NBCC board member Katherine A. Powers reviewed the audiobook versions of The Lost Man by Jane Harper, Good Riddance by Elinor Lipman and How to Hide an Empire by Daniel Immerwahr in her monthly column for the Washington Post. She also reviewed five books about travel for the Post's annual summer books guide.
“There is always one book that I use when I write, something I flip open every morning before I start, reading from any page,” NBCC member Roxana Robinson tells former NBCC president Jane Ciabattari for her Lit Hub/Book Marks column. “For Dawson’s Fall, this book was Wolf Hall, in which Hilary Mantel shows that the phrase 'historical novel' needn’t mean stiff, romantic or stereotyped.” (And more good news: Mantel, who won the NBCC's fiction award in 2010 for Wolf Hall, has announced that The Mirror and the Light, the third novel in her Thomas Cromwell trilogy, is coming in March 2020.)
Ellen Akins reviewed Lanny by Max Porter for the Minneapolis Star Tribune.
Tobias Carroll has been super-busy, reviewing Julián Herbert's The House of the Pain of Others for the Minneapolis Star Tribune, Masande Ntshanga's Triangulum for Tor.com, and writing his Watchlist column for Words Without Borders.
That said, was he as busy as NBCC Emerging Critic Letitia Montgomery-Rodgers, who had six reviews published? (Not that this is a competition. We are all busy. But still. Six!) Here they are: Kimi Eisele’s The Lightest Object in the Universe, Erica Boyce's The Fifteen Wonders of Daniel Green, Carrie Laben’s A Hawk in the Woods, West Camel’s Attend, and Michael Croley’s short story collection, Any Other Place, all for a special debut fiction feature in Foreword Reviews. And, for a different edition of Foreword, she reviewed Carolyn Kirby’s The Conviction of Cora Burns, a new historical fiction set in Victorian Britain whose social issues are eerily reminscient of our own.
David Galef reviewed Kaddish.com by Nathan Englander for the Yale Review.
Diane Scharper reviewed three books for the National Catholic Reporter: Women Rowing North by Mary Pipher, Mother Winter by Sophia Shalmiyev, and Maid by Stephanie Land.
Michele Ross reviewed John Sandford's Neon Prey, Anne Perry's (editor) anthology Odd Partners and Jeffery Deaver's The Never Game for the Cleveland Plain Dealer, which is still not posting book reviews online. Better buy a print subscription, folks.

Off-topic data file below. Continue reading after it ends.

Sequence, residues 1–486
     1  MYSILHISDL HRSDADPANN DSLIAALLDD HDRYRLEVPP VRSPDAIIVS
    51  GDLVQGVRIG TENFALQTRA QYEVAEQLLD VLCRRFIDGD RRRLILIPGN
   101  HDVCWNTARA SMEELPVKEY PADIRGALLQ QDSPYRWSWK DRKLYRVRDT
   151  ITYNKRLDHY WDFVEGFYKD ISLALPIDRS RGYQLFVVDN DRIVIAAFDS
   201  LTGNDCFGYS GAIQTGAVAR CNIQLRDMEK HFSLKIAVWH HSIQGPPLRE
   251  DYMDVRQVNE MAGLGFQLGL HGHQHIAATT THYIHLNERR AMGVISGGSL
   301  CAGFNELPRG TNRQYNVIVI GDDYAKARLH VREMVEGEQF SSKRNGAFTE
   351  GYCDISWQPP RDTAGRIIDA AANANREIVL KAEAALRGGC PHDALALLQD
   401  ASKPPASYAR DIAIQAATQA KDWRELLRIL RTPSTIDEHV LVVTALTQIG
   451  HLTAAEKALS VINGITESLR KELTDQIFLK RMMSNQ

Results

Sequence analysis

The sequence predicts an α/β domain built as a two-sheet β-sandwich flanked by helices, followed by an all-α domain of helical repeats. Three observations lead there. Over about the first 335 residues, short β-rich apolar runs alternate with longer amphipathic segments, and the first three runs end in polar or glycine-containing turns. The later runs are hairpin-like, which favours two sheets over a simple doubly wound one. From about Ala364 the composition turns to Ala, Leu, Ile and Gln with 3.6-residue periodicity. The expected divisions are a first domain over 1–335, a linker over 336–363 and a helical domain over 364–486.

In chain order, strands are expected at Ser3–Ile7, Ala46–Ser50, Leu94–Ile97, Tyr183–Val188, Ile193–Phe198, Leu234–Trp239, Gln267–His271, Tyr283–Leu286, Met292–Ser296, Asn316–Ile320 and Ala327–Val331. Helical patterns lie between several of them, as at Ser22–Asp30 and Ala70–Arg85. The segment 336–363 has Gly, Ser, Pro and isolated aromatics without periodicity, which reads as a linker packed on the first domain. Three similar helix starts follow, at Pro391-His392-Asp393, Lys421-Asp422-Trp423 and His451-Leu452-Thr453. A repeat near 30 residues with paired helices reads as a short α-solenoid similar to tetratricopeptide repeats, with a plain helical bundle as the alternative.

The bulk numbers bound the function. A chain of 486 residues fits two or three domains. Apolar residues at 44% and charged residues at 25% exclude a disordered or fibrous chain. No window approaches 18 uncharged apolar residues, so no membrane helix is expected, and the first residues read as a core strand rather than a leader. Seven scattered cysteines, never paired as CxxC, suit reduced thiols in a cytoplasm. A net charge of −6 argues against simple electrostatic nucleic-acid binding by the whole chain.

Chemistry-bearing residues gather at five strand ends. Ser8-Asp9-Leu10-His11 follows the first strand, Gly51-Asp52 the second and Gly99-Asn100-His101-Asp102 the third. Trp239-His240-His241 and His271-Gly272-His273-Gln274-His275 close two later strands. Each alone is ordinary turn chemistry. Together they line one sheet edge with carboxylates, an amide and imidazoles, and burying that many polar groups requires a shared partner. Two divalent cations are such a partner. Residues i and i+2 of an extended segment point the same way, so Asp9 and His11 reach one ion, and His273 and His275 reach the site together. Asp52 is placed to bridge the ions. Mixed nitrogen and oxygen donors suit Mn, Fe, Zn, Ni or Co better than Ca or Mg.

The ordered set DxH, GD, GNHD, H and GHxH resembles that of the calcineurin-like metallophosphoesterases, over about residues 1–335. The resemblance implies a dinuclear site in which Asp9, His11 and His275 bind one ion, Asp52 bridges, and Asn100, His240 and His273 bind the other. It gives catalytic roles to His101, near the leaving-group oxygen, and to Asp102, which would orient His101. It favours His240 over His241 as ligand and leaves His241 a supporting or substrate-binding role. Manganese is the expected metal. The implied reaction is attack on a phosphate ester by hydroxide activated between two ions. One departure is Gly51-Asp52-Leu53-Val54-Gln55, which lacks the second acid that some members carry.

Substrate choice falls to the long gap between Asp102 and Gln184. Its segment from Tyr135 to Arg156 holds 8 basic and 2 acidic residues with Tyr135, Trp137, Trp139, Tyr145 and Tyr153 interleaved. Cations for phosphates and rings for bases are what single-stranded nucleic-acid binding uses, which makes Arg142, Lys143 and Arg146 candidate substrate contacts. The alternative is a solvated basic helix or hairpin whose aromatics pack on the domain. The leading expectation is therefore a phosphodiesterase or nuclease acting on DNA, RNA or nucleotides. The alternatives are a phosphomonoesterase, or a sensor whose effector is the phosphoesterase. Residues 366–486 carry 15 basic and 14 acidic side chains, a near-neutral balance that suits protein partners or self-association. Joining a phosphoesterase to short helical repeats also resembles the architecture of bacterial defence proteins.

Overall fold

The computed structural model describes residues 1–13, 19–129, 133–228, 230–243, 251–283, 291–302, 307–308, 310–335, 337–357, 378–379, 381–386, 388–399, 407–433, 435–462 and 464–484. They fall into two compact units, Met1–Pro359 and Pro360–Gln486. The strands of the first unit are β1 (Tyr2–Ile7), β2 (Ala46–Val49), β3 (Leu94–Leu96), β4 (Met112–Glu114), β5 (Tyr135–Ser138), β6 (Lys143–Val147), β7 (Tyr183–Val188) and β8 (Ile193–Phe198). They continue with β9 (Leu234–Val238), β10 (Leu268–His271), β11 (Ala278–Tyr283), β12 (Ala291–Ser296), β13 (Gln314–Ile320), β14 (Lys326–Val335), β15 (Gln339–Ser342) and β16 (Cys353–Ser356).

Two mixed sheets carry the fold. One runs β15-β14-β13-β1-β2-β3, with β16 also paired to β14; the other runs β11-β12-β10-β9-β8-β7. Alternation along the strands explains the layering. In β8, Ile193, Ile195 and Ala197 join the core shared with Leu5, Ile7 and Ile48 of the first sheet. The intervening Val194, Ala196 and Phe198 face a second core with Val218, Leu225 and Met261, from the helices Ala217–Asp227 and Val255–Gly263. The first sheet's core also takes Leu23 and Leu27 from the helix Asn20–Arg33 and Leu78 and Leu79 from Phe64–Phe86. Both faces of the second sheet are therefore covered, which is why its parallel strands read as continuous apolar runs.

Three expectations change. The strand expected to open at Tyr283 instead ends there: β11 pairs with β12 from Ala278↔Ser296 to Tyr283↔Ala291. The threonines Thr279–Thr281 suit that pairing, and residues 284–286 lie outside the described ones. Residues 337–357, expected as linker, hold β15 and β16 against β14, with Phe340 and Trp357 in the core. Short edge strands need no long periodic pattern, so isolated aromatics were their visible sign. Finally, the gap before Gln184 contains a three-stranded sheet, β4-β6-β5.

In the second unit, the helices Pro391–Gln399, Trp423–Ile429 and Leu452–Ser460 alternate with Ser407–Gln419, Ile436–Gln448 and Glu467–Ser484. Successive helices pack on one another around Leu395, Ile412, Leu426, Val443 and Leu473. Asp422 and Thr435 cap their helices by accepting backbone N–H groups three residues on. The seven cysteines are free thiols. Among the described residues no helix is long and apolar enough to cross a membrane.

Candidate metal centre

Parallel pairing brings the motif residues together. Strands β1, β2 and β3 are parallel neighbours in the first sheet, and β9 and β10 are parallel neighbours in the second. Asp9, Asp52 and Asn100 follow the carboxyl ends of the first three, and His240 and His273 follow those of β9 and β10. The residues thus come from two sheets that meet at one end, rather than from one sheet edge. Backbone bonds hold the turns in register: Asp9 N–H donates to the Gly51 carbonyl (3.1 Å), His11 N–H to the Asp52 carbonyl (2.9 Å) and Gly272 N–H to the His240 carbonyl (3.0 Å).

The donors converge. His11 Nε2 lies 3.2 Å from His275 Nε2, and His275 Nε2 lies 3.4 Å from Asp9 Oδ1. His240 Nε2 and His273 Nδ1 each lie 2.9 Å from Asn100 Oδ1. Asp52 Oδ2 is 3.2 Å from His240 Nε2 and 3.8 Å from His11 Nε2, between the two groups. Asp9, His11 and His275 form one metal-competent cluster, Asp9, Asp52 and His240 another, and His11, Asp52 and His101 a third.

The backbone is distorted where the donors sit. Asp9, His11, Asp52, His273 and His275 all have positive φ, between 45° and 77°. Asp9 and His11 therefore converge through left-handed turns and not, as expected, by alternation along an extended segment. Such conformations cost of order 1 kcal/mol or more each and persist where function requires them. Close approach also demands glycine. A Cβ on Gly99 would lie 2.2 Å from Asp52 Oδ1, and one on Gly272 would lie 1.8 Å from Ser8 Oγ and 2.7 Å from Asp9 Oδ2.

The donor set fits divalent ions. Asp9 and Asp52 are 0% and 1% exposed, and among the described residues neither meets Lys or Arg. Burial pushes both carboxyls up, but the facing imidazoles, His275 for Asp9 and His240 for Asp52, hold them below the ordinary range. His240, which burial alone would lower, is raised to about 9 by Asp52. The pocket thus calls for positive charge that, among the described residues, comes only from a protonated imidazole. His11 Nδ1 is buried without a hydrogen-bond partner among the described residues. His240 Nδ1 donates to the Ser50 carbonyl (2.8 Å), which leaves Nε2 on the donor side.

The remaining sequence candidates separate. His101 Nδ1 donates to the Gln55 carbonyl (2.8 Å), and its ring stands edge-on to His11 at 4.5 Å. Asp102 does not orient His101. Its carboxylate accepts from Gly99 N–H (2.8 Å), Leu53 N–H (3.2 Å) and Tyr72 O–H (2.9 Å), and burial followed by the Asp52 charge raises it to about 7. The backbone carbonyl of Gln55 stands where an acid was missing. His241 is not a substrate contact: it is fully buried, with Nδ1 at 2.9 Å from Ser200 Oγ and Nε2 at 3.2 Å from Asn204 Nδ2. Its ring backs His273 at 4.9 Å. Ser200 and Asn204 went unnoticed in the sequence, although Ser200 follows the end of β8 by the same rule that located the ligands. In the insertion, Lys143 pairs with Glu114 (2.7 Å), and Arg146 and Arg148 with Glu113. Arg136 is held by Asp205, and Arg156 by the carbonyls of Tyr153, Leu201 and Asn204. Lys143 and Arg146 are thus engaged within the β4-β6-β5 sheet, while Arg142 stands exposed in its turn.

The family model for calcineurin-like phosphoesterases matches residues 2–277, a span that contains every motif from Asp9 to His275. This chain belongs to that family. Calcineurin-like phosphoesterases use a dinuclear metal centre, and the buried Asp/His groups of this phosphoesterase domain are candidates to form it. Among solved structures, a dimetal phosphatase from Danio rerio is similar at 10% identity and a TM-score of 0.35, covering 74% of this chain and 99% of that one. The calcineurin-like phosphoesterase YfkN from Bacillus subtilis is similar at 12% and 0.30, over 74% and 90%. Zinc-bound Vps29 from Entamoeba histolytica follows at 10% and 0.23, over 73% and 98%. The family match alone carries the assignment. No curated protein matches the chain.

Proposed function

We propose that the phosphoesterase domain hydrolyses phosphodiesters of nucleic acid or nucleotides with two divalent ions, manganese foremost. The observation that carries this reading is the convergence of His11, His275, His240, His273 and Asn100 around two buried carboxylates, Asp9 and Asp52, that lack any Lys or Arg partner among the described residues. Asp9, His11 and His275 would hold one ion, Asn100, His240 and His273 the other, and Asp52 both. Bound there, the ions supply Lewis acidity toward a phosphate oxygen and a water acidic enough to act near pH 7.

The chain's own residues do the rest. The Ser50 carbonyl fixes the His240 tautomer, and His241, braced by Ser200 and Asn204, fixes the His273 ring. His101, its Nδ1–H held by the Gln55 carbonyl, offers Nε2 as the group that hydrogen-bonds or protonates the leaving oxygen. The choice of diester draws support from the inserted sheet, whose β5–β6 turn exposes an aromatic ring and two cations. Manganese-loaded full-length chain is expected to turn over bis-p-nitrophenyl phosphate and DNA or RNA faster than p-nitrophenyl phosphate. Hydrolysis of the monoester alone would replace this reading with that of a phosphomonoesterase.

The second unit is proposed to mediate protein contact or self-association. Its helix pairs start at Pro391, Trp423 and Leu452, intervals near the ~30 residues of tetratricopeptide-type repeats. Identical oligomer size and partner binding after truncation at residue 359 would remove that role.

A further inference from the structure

Former NBCC board member Dan Cryer reviewed Furious Hours by Casey Cep for the Boston Globe.
George de Stefano reviewed Which Side Are You On? by James Sullivan for Pop Matters.
Former board member Ron Charles posted a “Totally Hip Book Review” of Cari Mora, a thriller by Thomas Harris, the creator of Hannibel Lector. (Watch it and scream.) (With fright? With laughter? At the adorableness of the stuffed lamb?)
And some splended news…
Mary Mackey's most recent collection of poetry The Jaguars That Prowl Our Dreams: New and Selected Poems 1974 to 2018 (Marsh Hawk Press) has won the 2019 Eric Hoffer Award for the Best Book Published by a Small Press. The Hoffer Award highlights salient writing, as well as the independent spirit of small publishers. Since its inception, the Hoffer has become one of the most important international book awards for small, academic, and independent presses and a platform for and the champion of the independent voice.
And Cliff Garstang's new novel, The Shaman of Turtle Valley, has been published by Braddock Avenue Books.
NBCC members within driving distance of San Francisco are invited to the 9th annual NBCC/Zyzzyva cockatil party celebrating criticism and literature in the Bay Area. It's Sunday June 3 at the McEvoy Center for the Arts; for details and to RSVP, email co-host Jane Ciabattari, email@example.com
Painting 'Old Woman Reading' by Hungarian artist Sandor Galimberti, 1907. In the public domain.
Send us your stuff! Your work may be highlighted in this roundup; please send links to new reviews, features and other literary pieces, or tell us about awards, honors or new and forthcoming books, by dropping a line to NBCCcritics@gmail.com.